Bloggers are buzzing over another Guantanamo Bay/gulag comparison. They also attack—from the left and the right—an upcoming biography of Hillary Clinton and discuss some complications to the Moneyball thesis.
Here we gulag again:Republicans criticized Illinois Sen. Dick Durbin yesterday for comments made on Tuesday that compared the Guantanamo Bay detention center to prisons in the "mad regimes" of Nazi Germany, Soviet Russia, and Khmer Rouge Cambodia.
"We give Durbin failing grades in attention, conduct, intelligence, knowledge, candor, logic, manners, loyalty and decency," says a stern Scott Johnson at conservative Power Line. "What's unusual about Durbin's lie is that it slanders his own country," observes Johnson's Power Line teammate Paul Mirengoff. "Normally that kind of slander is uttered only by revolutionaries seeking the violent overthrow of the government. Yet Durbin purports to be part of a loyal opposition."
"While I can muster the requisite moral outrage if necessary, what really astounds me about Durbin's comments is the political stupidity of it," says Jonah Goldberg at the National Review Online'sconservative roundtable The Corner. Conservative standby Michelle Malkin has some practical advice. "What America needs is for President Bush himself to directly challenge Durbin on his treachery ... to call on Durbin to retract his remarks (not just apologize) and ask forgiveness from our troops and the American people," she writes.
Democrat Markos Moulitsas thinks Durbin's comments aren't the outrageous part of the story. "What is beyond belief is that the type of torture more at home under tyrants and dictators is being seen in camps flying the United States flag," he says at the Daily Kos. At Whiskey Bar, Bill Mon admits the comparison seems overblown. "But some of us have slightly higher expectations of a modern parliamentary democracy," he writes. "Quantitatively, the case against moral equivalence may be open and shut, but qualitatively ... well, it's getting a little more dicey. ... Sometimes the truth is so damning you have to speak it for its own sake."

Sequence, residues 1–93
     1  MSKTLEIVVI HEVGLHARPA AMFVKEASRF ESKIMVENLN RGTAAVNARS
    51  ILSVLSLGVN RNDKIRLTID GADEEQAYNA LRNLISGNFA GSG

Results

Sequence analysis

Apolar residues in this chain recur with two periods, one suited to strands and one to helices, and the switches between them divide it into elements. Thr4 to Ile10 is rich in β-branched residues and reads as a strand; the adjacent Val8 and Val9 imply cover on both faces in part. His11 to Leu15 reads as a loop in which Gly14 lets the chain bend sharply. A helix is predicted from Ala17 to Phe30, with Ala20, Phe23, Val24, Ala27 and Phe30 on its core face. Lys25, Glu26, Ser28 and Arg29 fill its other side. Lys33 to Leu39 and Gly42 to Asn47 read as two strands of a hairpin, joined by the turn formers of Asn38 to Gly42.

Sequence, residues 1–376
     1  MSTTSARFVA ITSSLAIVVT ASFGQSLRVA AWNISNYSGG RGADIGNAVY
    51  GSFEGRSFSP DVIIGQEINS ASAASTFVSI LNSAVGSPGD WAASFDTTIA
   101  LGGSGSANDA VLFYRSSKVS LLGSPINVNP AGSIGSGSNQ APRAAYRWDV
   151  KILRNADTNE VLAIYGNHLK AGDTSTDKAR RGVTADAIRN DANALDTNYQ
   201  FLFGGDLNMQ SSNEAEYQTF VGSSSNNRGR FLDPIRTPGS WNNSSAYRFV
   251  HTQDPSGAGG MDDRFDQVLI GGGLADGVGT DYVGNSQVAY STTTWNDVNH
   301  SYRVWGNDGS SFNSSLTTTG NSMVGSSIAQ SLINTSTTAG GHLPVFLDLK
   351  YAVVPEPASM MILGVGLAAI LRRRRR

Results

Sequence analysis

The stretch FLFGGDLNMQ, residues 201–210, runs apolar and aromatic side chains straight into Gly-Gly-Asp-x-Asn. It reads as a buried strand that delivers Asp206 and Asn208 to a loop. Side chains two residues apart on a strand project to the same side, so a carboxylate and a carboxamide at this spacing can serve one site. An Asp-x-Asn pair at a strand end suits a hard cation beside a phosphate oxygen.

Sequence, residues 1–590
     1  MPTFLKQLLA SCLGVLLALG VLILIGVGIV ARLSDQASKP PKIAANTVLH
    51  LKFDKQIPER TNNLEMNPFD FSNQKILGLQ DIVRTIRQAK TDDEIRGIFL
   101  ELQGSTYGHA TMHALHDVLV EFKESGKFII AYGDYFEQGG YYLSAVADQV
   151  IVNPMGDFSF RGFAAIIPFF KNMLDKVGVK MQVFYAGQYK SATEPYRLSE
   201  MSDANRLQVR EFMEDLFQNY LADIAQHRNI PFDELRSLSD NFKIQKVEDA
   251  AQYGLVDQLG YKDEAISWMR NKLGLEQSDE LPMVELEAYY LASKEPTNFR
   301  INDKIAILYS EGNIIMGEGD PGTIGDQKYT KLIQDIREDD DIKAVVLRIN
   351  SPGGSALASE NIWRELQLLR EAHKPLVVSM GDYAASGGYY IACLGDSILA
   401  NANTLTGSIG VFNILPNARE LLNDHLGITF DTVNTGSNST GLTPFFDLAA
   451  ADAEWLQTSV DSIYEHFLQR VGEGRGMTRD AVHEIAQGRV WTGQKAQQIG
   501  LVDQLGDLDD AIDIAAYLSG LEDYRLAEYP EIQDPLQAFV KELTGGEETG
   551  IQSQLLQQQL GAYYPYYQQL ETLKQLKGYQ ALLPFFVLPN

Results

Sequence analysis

The truth about Edward Klein's book: Slate's Mickey Kaus debunks a New York Times story that claims"Republican and conservative activists are behind a vigorous campaign to promote a controversial new biography about Senator Hillary Rodham Clinton, with some even suggesting that the book will help dash any presidential aspirations she might have." Kaus points to a number of conservative sites that have criticized Edward Klein's book The Truth About Hillary, which, according to a Drudge report, claims Bill raped Hillary when the couple conceived Chelsea.
"It's the kind of tawdry Weekly World News gossip/hit piece that serves no purpose but character assassination," saysCaptain's Quarters'saltwater conservative Ed Morrissey, who thinks the attack might backfire. "It ... makes Hillary into a victim, this time almost certainly for real—not of this purported rape, but of Klein's base attack," he says. Noting that, "You don't have to drive around with a Hillary '08 bumper sticker to see that this is over the line, disgusting garbage," the talk-radio hosts at Pundit Review agree: "This is net positive for Hillary the Prez candidate."
Liberals are, predictably, joining the fray—and not pulling punches in assaulting righties. Calling the book a relic of the '90s, Political Animal Kevin Drum argues that, together, the Clintons have since 1992 faced an entirely new kind of radical opposition. "All presidents have to put up with rhetorical excess, and all presidents have to put up with both scandal and the opponents who make hay out of them," Drum writes at the Washington Monthly. "But only Clinton was forced to deal with wingnuts as if they were serious critics."
Moneyball, without the money:"With all of the debate over the business logic underlying Michael Lewis' Moneyball," writes University of Chicago political scientist Daniel Drezner, "there was a simple underlying assumption behind the book—baseball teams that are successful on the field are also successful at the gate." A Wall Street Journal article on the peculiar plight of the 43-22 Chicago White Sox suggests that, at least for Drezner's local club, winning baseball games doesn't make for a winning business strategy.
Benjyat Chicagoist thinks the problem is with the team's dreary stadium, not its style of play.Other Sox fans have learned to delight where some might dishearten. "I have absolutely no problem with going to games at a ballpark that is half-full," insists South Sider Pete at springtime startup ChiSox Rants. "I'd rather not have to wait 15 minutes to take a leak or miss an entire inning waiting in line for curly fries or nachos. I like not having packed parking lots and being able avoid traffic on the Ryan by sneaking out the back exit of lot C and cutting over to I-55. If the Sox turn into the best thing since sliced bread, these advantages will be no more."
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